It's directed and co-written by Ana Kokkinos, who wrote the superb Lantana. One of the other co-writers was Christos Tsiolkas, he of Slap fame, that extraordinary novel of modern Australian working class life, which I enthused over in this blog.

There've been plenty of wonderful Australian films released this year. Don't believe all you read.

Saturday, September 5, 2009

The Genius of Paul Krugman

For years now I've been an enthusiastic reader of the Nobel Prize winning US economist and New York Times columnist Paul Krugman.

For so many reasons this guy is one of my all-time heroes! He's the scourge of the wingnut Republican conservatives in the US, particularly the neocons of recent times. He gives no quarter and lets them get away with nothing.

What makes him so powerful are two very formidable talents: the lucidity of his writing, and his exquisite intelligence.

Virtually singlehandedly he brought an end to Bush's crazy push to privatise social security in his second term, a proposal that would have savaged the entitlements and savings of tens of millions of Americans, but that was being sold as a way of rescuing funds from the dead hand of government bureaucracy so as to generate higher levels of returns on the market for individual citizens. Krugman's relentless and forensic critique of the proposal eventually sank it. Imagine the state those privatised funds would be in now after the financial crisis.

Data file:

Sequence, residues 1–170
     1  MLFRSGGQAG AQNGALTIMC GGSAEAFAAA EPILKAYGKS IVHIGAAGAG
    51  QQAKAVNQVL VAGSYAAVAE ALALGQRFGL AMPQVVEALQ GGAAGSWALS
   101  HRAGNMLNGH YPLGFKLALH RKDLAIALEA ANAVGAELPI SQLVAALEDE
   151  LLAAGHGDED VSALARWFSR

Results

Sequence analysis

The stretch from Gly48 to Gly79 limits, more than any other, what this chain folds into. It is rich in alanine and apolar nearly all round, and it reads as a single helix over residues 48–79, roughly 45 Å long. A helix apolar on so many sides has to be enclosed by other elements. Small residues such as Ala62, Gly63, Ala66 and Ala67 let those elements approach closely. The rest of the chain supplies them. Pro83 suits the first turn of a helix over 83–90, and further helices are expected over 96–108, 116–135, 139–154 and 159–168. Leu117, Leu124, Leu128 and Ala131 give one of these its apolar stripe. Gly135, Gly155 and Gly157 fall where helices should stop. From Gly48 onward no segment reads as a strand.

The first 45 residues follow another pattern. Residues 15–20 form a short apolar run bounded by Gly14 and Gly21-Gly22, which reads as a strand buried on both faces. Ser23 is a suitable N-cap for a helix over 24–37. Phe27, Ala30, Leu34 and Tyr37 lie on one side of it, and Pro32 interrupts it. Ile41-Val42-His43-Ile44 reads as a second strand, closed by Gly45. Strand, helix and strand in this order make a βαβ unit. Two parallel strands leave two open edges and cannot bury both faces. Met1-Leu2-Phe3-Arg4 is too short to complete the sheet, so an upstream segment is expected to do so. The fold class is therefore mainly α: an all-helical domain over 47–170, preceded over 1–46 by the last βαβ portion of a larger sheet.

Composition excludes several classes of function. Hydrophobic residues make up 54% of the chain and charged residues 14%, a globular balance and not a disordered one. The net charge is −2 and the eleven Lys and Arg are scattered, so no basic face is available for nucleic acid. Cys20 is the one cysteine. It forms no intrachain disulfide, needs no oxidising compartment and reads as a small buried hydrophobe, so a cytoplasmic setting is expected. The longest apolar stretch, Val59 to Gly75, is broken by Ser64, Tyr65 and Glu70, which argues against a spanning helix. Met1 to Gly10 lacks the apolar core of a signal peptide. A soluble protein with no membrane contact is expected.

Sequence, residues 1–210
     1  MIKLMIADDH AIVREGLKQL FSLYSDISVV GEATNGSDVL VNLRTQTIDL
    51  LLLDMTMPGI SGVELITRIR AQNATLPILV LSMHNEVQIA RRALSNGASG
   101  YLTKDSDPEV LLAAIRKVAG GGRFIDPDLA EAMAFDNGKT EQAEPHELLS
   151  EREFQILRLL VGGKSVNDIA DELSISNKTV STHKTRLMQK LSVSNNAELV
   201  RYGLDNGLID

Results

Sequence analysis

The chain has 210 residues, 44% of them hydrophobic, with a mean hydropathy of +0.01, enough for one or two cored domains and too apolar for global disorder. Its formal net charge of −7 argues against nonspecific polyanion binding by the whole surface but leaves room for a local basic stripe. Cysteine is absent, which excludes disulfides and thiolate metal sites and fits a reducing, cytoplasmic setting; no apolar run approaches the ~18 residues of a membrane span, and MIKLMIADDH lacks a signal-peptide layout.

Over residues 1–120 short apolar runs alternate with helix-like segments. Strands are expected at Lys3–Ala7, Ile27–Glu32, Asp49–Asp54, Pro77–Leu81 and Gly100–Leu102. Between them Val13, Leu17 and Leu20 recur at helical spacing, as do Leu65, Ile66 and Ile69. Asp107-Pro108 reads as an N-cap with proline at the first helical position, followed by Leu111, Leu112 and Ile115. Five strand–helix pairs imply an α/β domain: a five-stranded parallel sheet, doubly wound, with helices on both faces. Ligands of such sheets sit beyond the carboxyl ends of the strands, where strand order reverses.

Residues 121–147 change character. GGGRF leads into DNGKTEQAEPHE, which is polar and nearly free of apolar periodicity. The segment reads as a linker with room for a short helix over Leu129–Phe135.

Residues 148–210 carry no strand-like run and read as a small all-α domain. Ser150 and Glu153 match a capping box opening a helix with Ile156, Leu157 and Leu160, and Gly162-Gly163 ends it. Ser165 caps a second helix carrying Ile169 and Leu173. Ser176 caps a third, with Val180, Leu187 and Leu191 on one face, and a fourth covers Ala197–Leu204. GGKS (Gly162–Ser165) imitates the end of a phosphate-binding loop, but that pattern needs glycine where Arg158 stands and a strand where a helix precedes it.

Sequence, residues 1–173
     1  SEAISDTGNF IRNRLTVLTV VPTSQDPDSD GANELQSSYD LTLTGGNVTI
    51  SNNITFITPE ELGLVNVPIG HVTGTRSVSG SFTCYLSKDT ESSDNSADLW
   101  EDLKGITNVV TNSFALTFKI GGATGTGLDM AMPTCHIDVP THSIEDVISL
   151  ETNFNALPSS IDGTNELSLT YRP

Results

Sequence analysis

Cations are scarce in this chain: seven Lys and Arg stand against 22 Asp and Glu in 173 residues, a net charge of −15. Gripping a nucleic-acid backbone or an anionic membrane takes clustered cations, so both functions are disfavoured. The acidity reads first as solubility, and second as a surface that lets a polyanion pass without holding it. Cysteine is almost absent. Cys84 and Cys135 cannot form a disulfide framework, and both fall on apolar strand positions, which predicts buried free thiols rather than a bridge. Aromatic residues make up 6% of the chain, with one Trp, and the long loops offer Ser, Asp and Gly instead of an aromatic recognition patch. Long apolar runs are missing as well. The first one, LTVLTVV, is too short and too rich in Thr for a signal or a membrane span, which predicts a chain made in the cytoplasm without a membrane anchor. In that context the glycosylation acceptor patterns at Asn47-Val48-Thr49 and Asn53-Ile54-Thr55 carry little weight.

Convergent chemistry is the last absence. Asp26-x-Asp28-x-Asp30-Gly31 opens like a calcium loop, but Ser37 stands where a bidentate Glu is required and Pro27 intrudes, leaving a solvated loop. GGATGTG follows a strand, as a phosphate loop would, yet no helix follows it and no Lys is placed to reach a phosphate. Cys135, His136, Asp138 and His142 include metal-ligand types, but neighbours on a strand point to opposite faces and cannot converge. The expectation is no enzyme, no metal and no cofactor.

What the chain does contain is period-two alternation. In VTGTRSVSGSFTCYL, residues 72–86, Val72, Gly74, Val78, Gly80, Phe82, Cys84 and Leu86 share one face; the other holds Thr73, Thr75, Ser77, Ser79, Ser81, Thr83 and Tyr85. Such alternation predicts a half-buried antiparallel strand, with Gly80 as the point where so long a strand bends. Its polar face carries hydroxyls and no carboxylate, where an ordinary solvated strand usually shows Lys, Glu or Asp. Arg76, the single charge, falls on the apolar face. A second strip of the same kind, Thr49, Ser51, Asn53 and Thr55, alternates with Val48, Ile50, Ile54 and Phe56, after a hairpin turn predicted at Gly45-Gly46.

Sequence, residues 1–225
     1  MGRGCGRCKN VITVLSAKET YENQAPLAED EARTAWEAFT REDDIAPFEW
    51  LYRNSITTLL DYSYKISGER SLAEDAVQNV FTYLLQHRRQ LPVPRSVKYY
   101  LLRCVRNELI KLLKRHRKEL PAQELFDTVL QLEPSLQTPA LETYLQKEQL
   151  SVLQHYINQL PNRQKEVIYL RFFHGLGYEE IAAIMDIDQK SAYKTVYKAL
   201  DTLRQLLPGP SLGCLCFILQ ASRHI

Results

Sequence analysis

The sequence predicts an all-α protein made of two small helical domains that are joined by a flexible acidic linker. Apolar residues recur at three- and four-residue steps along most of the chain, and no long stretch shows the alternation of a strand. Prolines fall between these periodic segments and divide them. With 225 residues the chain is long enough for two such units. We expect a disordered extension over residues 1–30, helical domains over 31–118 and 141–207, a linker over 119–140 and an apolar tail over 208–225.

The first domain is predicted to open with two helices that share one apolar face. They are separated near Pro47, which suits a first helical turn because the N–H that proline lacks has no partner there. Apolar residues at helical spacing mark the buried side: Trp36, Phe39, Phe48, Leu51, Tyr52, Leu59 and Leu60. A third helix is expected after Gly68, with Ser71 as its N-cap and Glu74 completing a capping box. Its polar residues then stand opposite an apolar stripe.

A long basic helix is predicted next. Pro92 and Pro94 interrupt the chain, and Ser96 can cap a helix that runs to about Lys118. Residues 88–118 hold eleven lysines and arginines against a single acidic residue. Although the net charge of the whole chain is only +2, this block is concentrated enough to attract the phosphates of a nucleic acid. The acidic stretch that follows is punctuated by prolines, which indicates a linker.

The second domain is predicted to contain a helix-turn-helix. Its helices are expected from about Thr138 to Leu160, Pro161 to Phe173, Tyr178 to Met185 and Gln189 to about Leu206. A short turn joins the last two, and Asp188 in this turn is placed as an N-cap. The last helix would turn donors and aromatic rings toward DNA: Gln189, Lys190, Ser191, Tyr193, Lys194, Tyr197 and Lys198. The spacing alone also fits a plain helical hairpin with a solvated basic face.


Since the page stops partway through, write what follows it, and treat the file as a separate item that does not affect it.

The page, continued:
Krugman has written a number of books, but the latest and possibly best is The Conscience of a Liberal. There could be no better introduction to American politics and society than this magnificent and engrossing tome. The chapter on the rotten US health system and why it so desperately needs wholesale reform is one of the best things you could ever read on the subject.

But for a shorter intro to how good this guy is read his recent article in the New York Times called How Did Economists Get It So Wrong?

Krugman got his Nobel Prize for his seminal work on trade theory. He challenged the long held belief that countries traded with one another because of the notion of 'comparative advantage'. Country A is good at making cheese and Country B isn't, so B imports the cheese it needs from A and sells stuff it's good at making to A in return. (Australia sells coal to China and buys cheap manufactured goods from China).

But, wait a about all those countries in Europe who make cars and import them as well? Italy, Germany, France and Sweden all export and import cars at the same time. So in fact does Australia, not to mention the US. Krugman blew the notion of comparative advantage right away. He looked at what was actually happening in the real world and then tried to construct a theory around it, rather than the reverse. Countries export as a way of reaching out to new markets, as a way of growing. And they import what they need and whatever takes their fancy.

This bias towards real world immersion is what has made Krugman such a compelling commentator on the current global financial crisis. He is a strong supporter of the stimulus packages implemented by so many governments around the world (in fact he considers they didn't go far enough) and a fierce denouncer of the 'debt is bad' mantra of wooden-headed conservatives.

Reading Krugman is a tonic, simply invigorating. His columns appear twice a week in the New York Times. I urge you to indulge!